ED012302:  Get the Priorities Right


ED012302:  Get the Priorities Right

Jan 23rd, 2002 3 min read
Kim R. Holmes, Ph.D.

Acting Senior Vice President, Research

Kim R. Holmes, oversaw the think tank’s defense and foreign policy team for more than two decades.

It's more than just the small American flags waving from every third car or the large cloth banners hanging from highway overpasses all over the country. Since Sept. 11, America has gotten serious about many things that seemed forgotten in recent years.

Americans again want their government focused on its main responsibility: national defense. The more President Bush has spoken of this as a priority, the more Americans' faith in their government and its leaders has grown.

Now comes the hard part. To put defense first, we must downgrade functions of government not related to defense -- particularly those that haven't proven effective. This won't be easy. It may create genuine hardship and spark vigorous political battles. But history has vindicated this common-sense approach.

In 1942, shortly after the Japanese had attacked Pearl Harbor, President Franklin Roosevelt mobilized the nation for war. New Deal programs -- his own initiatives to pull the country out of the Great Depression -- stood in the way for funds, priority and energy.

Fortunately, Roosevelt cared more about his country than about his programs. He proposed in his first budget after the attack that Congress cut spending for federal-assistance programs in half. During the war, few New Deal programs were spared from budget cuts.

Today's challenges require a similar shift. New security programs at all levels of government must be funded, as must significant investment in new security technologies. Like Roosevelt, we must back these new priorities as if our lives depended on them -- because, indeed, they may.

Because the money to pay for them must come from other programs that often serve citizens with legitimate needs, we must ensure that these new initiatives do, in fact, bring real security. Here are a few of the many recommendations The Heritage Foundation's Homeland Security Task Force came up with to point out how we can do this most effectively:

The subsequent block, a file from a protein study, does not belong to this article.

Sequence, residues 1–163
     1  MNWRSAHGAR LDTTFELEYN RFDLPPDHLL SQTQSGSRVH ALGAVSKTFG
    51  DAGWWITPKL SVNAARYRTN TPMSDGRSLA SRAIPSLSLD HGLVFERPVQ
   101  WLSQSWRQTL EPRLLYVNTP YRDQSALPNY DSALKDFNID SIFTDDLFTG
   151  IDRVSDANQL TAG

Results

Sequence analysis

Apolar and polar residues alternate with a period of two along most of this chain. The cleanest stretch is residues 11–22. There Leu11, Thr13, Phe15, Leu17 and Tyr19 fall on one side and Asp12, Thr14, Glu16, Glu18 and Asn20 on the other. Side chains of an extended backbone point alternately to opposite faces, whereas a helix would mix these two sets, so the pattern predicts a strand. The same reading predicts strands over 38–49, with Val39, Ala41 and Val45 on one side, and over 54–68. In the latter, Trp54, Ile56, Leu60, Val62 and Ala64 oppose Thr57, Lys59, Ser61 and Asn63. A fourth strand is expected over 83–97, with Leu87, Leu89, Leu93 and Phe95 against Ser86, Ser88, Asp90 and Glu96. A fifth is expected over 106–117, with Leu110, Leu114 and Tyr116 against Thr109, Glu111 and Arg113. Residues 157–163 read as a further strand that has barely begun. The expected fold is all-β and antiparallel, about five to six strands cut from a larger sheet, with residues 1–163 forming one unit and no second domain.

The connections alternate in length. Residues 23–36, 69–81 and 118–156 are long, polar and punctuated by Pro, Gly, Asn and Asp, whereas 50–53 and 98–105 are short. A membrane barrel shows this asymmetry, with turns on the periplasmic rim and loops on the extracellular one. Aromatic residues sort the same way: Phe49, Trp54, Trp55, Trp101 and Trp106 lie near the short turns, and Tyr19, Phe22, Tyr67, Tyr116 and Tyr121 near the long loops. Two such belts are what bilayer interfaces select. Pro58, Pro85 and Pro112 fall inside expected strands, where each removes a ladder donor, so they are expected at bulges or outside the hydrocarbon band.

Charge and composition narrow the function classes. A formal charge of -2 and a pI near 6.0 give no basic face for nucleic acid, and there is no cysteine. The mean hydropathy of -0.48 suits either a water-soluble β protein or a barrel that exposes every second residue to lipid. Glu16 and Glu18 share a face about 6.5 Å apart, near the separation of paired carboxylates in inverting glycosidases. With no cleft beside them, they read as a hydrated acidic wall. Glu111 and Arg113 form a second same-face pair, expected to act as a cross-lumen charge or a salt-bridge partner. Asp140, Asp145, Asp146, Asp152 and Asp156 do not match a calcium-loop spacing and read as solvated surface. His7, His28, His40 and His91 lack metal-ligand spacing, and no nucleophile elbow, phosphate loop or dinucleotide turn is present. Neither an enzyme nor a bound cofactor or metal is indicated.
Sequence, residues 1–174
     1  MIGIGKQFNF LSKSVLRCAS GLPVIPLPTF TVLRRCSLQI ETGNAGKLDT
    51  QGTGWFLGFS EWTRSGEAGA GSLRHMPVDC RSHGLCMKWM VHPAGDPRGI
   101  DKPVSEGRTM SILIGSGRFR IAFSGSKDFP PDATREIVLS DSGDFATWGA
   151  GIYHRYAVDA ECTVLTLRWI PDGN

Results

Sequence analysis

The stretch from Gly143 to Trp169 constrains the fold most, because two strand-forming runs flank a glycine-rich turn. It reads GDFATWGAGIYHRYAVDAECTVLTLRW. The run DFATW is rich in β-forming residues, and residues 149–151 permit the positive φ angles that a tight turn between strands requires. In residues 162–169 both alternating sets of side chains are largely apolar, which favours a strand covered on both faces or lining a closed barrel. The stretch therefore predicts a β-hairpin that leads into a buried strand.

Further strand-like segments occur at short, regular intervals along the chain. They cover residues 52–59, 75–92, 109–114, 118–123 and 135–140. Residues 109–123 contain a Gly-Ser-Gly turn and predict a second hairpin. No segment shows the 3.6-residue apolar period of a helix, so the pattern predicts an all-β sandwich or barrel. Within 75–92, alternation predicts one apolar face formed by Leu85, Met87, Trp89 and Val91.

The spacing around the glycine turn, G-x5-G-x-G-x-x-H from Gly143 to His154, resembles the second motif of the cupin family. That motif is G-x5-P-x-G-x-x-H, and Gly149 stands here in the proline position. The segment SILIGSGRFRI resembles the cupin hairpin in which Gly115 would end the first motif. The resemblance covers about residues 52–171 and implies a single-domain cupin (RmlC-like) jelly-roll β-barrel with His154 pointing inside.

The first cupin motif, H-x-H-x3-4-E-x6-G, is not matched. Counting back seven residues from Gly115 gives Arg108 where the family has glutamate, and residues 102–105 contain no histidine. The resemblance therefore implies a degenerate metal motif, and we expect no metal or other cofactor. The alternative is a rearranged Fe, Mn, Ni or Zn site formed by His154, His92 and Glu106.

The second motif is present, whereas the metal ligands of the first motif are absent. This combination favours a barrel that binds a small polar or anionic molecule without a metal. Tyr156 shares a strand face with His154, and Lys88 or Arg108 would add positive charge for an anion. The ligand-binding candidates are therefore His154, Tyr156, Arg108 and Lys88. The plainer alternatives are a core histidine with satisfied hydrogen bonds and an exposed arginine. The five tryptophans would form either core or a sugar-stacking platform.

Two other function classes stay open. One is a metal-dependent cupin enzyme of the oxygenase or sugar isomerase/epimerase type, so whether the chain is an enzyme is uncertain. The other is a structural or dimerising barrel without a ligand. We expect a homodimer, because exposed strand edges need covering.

• Expand the Justice Department's "Train-the-Trainer" program to ensure that more of those who respond first to disaster scenes, from firefighters to police officers, can evaluate and respond to chemical, biological, radiological or nuclear attacks.
  • Improve the flow of information among federal, state and local law enforcement agencies and create new intelligence "fusion" centers to help these agencies prevent new terrorist attacks.
  • Increase defense spending to keep our military forces and National Guard ready and able to win the war on terrorism, both at home and abroad.

And the American private sector, engine of the most successful economy in world history, can't be left on the sidelines. It owns or operates most of the nation's vital assets. Therefore, it handles security for computer nodes, energy grids, port facilities, and -- until recently -- airports. Government needs this expertise, and market forces will ensure competitive costs.

The government must provide oversight, of course -- set standards, hold the industry accountable and remove roadblocks to providing effective security. But the ideas that drive the free market can and should be put to use in keeping America safe.

Sen. Charles E. Schumer, D-N.Y., for one, doesn't see these advantages. He says that "letting a thousand different ideas compete and flourish" won't work and that only the federal government has the "breadth, strength and resources" to succeed. He helped pass the bill that added tens of thousands of people to the federal payroll to provide a service -- airport security -- that can, was and should be provided by the private sector.

Even if the events of Sept. 11 could be blamed on lax airport security, federalizing those positions won't improve that security. What will? What always has made America great. Diverse ideas. Competition. Companies looking to build that better security mousetrap will come up with the best and most economical ways to keep America's airports safe.

Can this be said of the sprawling federal bureaucracy created by the Aviation Safety Act? Or any other federal bureaucracy for that matter?

Unfortunately, FDR's lesson of wartime priorities has been lost on many of his successors. Just grow the government, they say. Let it take care of everything.

Actually, the government does best when it stays focused on its constitutionally mandated priorities and lets private industry contribute its ideas whenever possible. The American people understand that. You can tell from the flags in their windows and those cloth banners hanging from the overpasses.

Kim R. Holmes, Ph.D., is Vice President of Foreign and Defense Policy Studies and Director of the Kathryn and Shelby Cullom Davis Institute for International Studies at The Heritage Foundation, where Edwin Meese, III is the Ronald Reagan distinguished fellow in public policy and chairman of the Center for Legal and Judicial Studies.

Distributed nationally on the Scripps-Howard wire.